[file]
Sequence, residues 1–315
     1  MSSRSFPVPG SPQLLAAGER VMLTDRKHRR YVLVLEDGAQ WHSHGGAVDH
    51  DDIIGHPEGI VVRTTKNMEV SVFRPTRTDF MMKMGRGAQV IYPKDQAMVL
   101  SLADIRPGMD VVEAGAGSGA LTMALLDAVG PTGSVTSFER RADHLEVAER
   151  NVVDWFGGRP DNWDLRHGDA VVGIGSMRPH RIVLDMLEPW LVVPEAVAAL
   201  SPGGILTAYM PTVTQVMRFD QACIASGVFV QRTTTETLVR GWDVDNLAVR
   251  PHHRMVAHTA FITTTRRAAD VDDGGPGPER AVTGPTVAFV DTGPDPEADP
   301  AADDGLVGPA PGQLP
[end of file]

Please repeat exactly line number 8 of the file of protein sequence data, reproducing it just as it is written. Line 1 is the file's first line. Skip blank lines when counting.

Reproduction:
   301  AADDGLVGPA PGQLP